ALAMEDA -- The public can weigh in on the city's proposed policy for allowing police to use license plate readers on their patrol cars during a Monday forum at the Alameda Free Library.

The event, which will take place at 6:30 p.m., follows the City Council deciding in October that police can seek grant money to purchase the readers, but still wanting more public input before officers can begin working with the devices on the street.

While the Automated License Plate Recognition devices can only be used for official and legitimate law enforcement business, including on routine patrols, the draft policy that city officials are considering also says that reasonable suspicion or probable cause will not be required to use them.

The policy also says the police department will make it a priority to use the devices in a neighborhood where a homicide, shooting or other major incident has occurred. The safeguards to protect privacy include having regular audits and having officers use a password-protected system so that those who have access to the information can be traced, and having all non-law enforcement requests for any of the collected information go through a supervisor.

The move to secure the license plate readers comes after police field-testing two of the devices on a single patrol car last year. Officers used them to take digital images of nearby license plates as a way to locate vehicles that may have been stolen or connected with a crime.

Within about two weeks after first using them on Sept. 18, the devices scanned about 97,000 plates and scored about 85 "hits" on suspicious vehicles, police Chief Paul Rolleri told the council. The plates scanned were within about 50 feet of the patrol car, and the hits included vehicles stolen in San Mateo and San Diego, Rolleri said.

What concerned the council, however, was whether collecting the data was an invasion of people's privacy since license plates of law-abiding citizens are scanned as the patrol car cruises past. The cameras can register up to 1,800 plates per minute at speeds of up to 160 mph, according to a background report prepared for the council. The collected data typically includes a black-and-white plate image, a contextual color image, GPS coordinates and the date and time the image was captured.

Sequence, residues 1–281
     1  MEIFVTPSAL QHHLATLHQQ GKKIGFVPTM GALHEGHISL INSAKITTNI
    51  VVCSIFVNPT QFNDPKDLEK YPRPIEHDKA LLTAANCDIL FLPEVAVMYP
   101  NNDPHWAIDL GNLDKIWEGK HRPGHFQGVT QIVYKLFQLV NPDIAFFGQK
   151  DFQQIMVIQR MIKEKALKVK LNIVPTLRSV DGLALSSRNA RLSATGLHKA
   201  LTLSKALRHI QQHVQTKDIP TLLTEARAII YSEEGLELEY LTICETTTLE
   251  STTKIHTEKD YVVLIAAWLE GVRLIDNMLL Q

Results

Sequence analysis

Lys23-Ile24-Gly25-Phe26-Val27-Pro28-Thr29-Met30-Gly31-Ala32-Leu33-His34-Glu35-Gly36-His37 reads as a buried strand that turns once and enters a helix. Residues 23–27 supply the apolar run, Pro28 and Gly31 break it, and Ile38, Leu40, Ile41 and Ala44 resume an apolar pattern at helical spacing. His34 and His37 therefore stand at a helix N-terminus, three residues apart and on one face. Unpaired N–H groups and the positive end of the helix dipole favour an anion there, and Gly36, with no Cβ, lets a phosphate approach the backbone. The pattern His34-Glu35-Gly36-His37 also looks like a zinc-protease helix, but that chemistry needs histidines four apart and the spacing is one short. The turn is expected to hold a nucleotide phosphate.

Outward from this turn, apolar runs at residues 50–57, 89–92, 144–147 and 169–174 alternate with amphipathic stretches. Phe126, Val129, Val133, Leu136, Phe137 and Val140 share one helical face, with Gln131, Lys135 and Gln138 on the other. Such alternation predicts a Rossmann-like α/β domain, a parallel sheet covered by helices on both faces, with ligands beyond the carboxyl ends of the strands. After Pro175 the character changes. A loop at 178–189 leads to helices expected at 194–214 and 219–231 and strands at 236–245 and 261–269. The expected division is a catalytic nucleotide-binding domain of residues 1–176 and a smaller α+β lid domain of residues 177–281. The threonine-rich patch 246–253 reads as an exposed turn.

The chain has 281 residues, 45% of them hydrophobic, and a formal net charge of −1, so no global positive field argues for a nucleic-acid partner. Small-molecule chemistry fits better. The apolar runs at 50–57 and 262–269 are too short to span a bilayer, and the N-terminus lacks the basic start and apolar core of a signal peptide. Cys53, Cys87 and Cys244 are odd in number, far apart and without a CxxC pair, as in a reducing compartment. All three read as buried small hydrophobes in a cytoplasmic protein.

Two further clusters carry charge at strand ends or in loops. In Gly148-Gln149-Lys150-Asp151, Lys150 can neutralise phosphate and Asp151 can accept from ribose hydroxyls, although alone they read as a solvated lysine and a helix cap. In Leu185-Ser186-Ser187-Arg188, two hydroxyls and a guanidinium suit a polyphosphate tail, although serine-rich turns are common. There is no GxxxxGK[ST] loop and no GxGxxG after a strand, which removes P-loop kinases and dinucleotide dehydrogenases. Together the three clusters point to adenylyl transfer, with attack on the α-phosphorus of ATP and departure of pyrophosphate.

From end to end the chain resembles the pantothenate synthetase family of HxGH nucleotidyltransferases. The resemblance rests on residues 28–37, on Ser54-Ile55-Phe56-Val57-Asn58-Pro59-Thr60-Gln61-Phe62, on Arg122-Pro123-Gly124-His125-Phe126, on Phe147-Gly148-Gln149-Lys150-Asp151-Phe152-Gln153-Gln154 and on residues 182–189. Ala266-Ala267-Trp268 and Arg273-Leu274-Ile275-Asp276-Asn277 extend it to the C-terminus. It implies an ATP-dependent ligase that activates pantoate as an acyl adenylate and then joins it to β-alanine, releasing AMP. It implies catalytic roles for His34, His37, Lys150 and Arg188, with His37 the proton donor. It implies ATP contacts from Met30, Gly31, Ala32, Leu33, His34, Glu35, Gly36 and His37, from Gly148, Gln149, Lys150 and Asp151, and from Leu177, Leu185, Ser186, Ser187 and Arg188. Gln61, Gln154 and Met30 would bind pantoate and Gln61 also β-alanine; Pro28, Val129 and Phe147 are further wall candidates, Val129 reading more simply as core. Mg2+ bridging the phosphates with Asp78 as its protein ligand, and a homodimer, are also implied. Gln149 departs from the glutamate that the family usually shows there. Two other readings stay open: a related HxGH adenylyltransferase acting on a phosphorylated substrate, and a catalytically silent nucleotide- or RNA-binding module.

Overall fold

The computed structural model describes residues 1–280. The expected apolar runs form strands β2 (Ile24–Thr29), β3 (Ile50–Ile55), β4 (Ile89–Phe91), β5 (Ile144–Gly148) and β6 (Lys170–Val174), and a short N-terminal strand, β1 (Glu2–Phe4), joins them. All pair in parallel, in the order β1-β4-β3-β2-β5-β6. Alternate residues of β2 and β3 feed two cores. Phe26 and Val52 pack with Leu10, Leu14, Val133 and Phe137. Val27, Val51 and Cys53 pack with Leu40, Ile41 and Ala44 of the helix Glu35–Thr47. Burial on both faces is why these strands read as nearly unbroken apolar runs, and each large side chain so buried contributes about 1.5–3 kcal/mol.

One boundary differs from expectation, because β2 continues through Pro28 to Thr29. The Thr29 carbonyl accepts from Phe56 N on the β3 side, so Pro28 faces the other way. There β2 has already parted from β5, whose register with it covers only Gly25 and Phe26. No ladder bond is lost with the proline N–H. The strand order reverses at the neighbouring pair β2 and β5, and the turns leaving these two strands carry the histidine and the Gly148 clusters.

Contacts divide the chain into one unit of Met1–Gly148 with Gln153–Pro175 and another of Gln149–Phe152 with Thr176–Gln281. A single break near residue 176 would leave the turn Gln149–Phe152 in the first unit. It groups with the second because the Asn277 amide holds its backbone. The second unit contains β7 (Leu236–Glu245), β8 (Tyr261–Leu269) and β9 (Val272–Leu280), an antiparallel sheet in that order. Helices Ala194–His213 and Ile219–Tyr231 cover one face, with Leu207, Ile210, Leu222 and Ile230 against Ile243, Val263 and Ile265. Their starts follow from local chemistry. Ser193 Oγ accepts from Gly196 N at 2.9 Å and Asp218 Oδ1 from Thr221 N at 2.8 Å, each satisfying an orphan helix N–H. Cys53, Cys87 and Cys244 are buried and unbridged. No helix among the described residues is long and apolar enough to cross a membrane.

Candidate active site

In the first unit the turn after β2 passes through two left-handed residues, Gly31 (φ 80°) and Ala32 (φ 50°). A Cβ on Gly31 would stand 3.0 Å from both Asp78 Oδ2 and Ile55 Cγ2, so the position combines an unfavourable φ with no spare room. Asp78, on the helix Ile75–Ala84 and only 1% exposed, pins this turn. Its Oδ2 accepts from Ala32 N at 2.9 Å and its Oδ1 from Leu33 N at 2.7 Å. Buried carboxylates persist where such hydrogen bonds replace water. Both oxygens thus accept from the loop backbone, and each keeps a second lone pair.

The system can cost between $10,000 and $25,000 depending on the manufacturer and the number of cameras mounted on a patrol car, which can be up to four. If the council approves the draft policy and police can get funding, the department will likely enter into an agreement to process the data with the Northern California Regional Intelligence Center, an agency that helps local, state and federal law enforcement collect and analyze information on possible criminal threats.

A representative from the center is expected to take part in next month's forum at the library. Others panelists will represent the police and the American Civil Liberties Union. The center keeps the collected data for 12 months before deleting it, a time frame that Rolleri said he supports because it gives police enough time to retrieve the information if it's needed for an investigation.

The devices field-tested in Alameda were from Lehr Auto/Pursuit North, a company that the police department uses to install emergency equipment on its vehicles.

Reach Peter Hegarty at 510-748-1654 or follow him on

if you go
The Alameda police will host a forum on license plate readers at 6:30 p.m. Monday at the Alameda Free Library, 1550 Oak St.